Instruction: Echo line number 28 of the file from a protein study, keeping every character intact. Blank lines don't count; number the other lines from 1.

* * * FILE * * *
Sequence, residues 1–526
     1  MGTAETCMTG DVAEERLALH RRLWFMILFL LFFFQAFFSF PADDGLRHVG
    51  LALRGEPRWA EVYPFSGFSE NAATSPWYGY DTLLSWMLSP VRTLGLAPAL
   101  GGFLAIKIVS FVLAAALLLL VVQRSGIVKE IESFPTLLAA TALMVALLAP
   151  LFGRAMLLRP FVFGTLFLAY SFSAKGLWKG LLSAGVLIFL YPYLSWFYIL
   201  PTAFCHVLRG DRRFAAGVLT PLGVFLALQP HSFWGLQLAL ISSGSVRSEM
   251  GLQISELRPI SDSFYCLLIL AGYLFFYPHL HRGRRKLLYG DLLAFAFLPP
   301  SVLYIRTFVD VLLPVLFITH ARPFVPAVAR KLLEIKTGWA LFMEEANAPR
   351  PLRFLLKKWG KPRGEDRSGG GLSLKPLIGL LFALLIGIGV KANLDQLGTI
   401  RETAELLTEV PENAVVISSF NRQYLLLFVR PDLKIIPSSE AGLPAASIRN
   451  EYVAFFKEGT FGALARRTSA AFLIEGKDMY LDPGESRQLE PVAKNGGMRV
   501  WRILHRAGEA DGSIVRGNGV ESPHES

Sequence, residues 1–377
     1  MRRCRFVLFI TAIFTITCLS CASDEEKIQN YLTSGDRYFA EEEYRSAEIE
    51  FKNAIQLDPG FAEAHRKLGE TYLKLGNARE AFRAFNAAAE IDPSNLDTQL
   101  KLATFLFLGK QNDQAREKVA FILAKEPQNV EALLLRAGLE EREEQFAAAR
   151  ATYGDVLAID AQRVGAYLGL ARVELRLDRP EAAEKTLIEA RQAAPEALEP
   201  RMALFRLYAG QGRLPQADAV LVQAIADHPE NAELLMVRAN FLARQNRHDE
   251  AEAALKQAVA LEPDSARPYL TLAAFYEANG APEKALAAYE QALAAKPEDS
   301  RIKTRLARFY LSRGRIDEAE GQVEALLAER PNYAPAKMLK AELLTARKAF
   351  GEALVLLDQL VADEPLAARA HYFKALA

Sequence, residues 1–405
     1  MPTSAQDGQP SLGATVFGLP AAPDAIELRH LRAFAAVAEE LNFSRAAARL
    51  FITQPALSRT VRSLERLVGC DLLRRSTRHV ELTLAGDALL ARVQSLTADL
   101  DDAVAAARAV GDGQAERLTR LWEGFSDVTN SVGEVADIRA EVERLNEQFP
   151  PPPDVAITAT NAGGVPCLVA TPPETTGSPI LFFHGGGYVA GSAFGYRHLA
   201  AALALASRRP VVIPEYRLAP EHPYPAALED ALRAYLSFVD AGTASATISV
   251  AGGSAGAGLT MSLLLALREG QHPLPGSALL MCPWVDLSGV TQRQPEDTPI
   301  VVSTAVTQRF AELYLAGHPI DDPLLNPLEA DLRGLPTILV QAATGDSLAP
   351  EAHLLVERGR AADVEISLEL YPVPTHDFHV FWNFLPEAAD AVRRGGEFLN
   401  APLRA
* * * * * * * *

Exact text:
   251  AGGSAGAGLT MSLLLALREG QHPLPGSALL MCPWVDLSGV TQRQPEDTPI